High Interest Rates & Construction Costs Impact Multi-Family Development

Industry News,

Originally Published by: NAHB — May 10, 2024
SBCA appreciates your input; please email us if you have any comments or corrections to this article.

Every quarter, the National Association of Home Builders (NAHB) conducts a survey of multifamily builders/developers and property managers.  The first part of the survey collects the information required to produce the Multifamily Market Survey (MMS). The MMS produces two separate indices: 1) the Multifamily Production Index (MPI) and 2) the Multifamily Occupancy Index (MOI).  The MPI is a weighted average of current conditions in three markets: low-rent and market rate rental units-apartments along with for-sale units (e.g., condominiums).  The MOI is a weighted average of current occupancy indexes for class A, B, and C multifamily units.  Results for Q1 2024 were released yesterday which can be accessed here.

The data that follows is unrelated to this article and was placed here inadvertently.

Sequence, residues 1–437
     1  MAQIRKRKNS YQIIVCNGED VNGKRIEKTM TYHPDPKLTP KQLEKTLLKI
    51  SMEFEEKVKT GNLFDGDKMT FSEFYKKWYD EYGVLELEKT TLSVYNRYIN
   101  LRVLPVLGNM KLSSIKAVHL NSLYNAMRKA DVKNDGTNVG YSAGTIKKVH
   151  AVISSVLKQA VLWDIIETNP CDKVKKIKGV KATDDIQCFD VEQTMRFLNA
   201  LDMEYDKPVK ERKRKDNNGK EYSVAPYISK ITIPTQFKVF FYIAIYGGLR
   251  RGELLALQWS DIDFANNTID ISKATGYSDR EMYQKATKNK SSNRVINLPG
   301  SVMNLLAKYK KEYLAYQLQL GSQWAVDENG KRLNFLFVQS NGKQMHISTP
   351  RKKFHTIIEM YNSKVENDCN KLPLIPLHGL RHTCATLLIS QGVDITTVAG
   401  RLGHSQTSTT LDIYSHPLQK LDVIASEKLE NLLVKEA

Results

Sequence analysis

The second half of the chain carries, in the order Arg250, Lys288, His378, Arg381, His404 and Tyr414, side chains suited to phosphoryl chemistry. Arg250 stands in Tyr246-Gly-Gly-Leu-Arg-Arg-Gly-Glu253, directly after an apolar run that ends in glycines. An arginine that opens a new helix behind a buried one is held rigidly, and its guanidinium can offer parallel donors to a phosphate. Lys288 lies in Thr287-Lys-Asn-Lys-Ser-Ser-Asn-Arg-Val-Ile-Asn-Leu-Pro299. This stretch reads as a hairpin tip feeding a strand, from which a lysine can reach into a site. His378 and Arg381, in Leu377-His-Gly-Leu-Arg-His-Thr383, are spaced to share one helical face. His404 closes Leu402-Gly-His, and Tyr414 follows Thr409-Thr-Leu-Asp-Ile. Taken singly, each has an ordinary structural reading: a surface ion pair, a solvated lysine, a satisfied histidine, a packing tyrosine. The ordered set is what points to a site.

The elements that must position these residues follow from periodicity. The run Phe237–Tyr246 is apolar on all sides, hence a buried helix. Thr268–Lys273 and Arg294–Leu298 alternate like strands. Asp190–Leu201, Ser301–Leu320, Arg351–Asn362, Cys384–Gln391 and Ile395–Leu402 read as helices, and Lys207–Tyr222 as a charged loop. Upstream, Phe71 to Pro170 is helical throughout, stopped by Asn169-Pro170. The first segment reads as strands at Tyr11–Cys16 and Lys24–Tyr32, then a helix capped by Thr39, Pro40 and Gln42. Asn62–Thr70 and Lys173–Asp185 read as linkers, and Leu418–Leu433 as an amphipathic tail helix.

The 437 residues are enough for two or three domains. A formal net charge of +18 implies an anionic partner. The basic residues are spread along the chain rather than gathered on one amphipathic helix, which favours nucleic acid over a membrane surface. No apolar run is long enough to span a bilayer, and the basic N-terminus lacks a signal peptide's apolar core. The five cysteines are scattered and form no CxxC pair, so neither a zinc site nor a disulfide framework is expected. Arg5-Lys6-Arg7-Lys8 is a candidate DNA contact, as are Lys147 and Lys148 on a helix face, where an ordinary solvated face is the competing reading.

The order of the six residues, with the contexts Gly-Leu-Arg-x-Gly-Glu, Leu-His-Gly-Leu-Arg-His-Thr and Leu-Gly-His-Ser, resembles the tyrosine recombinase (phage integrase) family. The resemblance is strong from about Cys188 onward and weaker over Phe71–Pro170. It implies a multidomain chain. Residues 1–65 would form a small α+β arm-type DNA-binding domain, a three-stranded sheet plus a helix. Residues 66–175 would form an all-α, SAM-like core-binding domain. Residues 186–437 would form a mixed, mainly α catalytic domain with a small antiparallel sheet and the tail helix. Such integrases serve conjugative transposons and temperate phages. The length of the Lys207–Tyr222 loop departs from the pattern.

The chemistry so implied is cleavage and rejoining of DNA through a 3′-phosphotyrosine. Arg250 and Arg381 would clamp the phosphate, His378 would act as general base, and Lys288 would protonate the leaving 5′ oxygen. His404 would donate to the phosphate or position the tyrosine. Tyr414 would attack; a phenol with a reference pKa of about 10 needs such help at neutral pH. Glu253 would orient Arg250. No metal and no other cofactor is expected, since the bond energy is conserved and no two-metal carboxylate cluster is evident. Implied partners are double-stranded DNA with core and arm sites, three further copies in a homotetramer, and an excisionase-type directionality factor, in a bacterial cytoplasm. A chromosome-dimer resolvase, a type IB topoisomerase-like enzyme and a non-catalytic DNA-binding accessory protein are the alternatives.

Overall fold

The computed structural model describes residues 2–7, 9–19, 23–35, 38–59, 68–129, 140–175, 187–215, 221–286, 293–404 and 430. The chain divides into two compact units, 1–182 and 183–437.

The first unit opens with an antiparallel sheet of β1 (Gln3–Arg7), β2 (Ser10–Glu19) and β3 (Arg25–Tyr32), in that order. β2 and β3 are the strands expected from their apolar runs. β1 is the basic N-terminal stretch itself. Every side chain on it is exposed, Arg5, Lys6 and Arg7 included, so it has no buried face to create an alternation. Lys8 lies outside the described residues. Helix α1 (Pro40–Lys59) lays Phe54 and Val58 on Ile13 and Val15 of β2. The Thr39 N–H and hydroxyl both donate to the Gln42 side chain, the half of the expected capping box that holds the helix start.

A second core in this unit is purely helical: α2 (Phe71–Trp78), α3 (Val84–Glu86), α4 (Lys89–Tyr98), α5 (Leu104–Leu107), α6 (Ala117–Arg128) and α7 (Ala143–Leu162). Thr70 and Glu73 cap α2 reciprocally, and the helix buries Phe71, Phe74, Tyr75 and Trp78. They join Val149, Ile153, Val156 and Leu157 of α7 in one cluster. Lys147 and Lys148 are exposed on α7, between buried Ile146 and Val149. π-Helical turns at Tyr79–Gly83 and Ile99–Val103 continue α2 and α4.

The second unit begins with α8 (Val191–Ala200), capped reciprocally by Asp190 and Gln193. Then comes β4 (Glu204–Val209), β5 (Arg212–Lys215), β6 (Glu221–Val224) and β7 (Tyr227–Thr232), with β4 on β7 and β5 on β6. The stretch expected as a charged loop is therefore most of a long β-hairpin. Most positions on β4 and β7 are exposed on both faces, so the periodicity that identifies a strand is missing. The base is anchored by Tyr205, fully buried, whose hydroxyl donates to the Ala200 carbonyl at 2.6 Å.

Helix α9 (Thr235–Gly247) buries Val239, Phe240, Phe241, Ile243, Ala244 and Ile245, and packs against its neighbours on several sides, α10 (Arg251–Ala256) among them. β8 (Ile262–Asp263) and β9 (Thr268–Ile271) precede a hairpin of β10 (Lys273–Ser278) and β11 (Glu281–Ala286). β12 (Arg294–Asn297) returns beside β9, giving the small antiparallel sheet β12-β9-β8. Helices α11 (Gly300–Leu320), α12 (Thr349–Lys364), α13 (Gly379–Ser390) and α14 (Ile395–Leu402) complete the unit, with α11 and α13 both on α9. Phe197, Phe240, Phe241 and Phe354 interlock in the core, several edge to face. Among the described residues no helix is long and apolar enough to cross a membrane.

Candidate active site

In addition to the questions required for the MMS and its components, the quarterly survey sometimes includes a set of “special” questions on a topic of current interest to the multifamily industry.  The special question included in the Q1 2024 survey asked multifamily builders and property managers about how serious impediments are to starting a new multifamily development today. This was completed using a scale from1 to 5, with 1 being no impediment at all and 5 being a very serious impediment.

As shown in Figure 1, high interest rates and high construction costs are the top impediments to starting new multifamily development , with both options receiving an average rating above 4 and at least 80% of respondents rating each option as a 4 or 5.  The next four options (high land costs, regulations, rising operations costs, lack of lender interest) are moderate impediments, with at least 50% of respondents rating each option as a 4 or 5. 

The least likely impediment to additional multifamily construction is a rising/high vacancy rate, which received the lowest average rating of 2.5, corroborating the high MOI reading from the most recent MMS.